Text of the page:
Cahokia. Gender roles in an ancient city.

"The Cahokia Mounds State Historic Site /kəˈhoʊkiə/ (11 MS 2) is located on the site of a pre-Columbian Native American city (c. 600–1400 CE) situated directly across the Mississippi River from modern St. Louis, Missouri. This historic park lies in southern Illinois between East St. Louis and Collinsville. The park covers 2,200 acres (890 ha), or about 3.5 square miles (9 km2), and contains about 80 mounds, but the ancient city was much larger. In its heyday, Cahokia covered about 6 square miles (16 km2) and included about 120 human-made earthen mounds in a wide range of sizes, shapes, and functions.

Cahokia was the largest and most influential urban settlement of the Mississippian culture that developed advanced societies across much of what is now the central and southeastern United States, beginning more than 1000 years before European contact.[5] Cahokia's population at its peak in the 13th century, an estimated 40,000, would not be surpassed by any city in the United States until the late 18th century. Today, Cahokia Mounds is considered the largest and most complex archaeological site north of the great pre-Columbian cities in Mexico." (Wikipedia)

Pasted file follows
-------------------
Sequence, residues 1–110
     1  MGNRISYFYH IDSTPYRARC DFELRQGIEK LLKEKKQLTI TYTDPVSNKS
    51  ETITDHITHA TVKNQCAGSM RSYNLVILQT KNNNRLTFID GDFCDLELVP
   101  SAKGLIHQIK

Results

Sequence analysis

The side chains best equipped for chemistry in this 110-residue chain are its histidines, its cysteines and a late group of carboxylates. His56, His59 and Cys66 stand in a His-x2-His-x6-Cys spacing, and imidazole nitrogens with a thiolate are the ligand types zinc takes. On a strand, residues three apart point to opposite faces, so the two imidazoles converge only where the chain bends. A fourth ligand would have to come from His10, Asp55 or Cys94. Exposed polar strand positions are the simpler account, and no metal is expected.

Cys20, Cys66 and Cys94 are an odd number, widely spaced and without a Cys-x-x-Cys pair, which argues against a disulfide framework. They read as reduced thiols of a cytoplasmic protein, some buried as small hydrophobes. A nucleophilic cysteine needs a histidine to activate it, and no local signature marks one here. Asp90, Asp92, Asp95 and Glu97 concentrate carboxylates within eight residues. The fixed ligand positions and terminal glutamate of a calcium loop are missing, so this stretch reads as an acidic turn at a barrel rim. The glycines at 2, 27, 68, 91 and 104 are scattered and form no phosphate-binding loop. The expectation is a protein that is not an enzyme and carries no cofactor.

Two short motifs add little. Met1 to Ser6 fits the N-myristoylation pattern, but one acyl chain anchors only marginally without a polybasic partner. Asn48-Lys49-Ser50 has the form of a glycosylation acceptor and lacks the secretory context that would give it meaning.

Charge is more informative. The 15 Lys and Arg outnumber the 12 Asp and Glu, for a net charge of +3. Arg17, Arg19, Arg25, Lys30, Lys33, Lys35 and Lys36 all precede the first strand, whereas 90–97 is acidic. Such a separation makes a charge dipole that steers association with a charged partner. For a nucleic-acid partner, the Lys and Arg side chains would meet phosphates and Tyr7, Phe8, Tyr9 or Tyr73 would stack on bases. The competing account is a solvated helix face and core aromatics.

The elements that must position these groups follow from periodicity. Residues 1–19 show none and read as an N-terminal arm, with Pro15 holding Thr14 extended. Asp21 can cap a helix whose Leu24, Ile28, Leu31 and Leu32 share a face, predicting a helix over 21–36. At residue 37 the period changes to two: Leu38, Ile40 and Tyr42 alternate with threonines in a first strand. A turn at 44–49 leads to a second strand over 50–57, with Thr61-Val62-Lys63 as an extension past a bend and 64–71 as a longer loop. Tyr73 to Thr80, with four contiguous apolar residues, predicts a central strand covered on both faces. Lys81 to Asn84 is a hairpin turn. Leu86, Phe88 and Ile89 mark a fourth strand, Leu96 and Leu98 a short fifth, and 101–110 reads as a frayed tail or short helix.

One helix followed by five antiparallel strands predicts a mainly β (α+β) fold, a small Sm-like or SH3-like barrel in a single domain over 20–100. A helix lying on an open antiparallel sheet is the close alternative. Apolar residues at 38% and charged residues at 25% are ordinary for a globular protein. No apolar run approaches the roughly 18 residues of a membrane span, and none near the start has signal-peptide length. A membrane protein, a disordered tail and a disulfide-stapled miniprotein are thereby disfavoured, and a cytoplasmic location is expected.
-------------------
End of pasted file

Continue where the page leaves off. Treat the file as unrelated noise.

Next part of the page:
"Archaeologists in Illinois say a prominent pre-Columbia burial mound in the famous ancient city of Cahokia was hardly a monument to masculinity, as their predecessors in the 1960s had claimed. They published their findings in several journals, including American Antiquity." (mental_floss)

"We had been checking to make sure that the individuals we were looking at matched how they had been described," said anthropologist Kristin Hedman. "And in re-examining the beaded burial, we discovered that the central burial included females. This was unexpected."

Even the notes about those two central elites were wrong. They weren't two men; they were one man and one woman. This completely changed the meaning and symbolism behind Mound 72.

"Now, we realize, we don't have a system in which males are these dominant figures and females are playing bit parts," Emerson said. "What we have at Cahokia is very much a nobility. It's not a male nobility. It's males and females, and their relationships are very important."

And this actually lines up better with some other stuff we know about this city, too. For example, a lot of the temples around Cahokia weren't dedicated to war or male power at all." (Upworthy)

- - - - - - - - - -

Image via Latin American Studies

No comments:

Post a Comment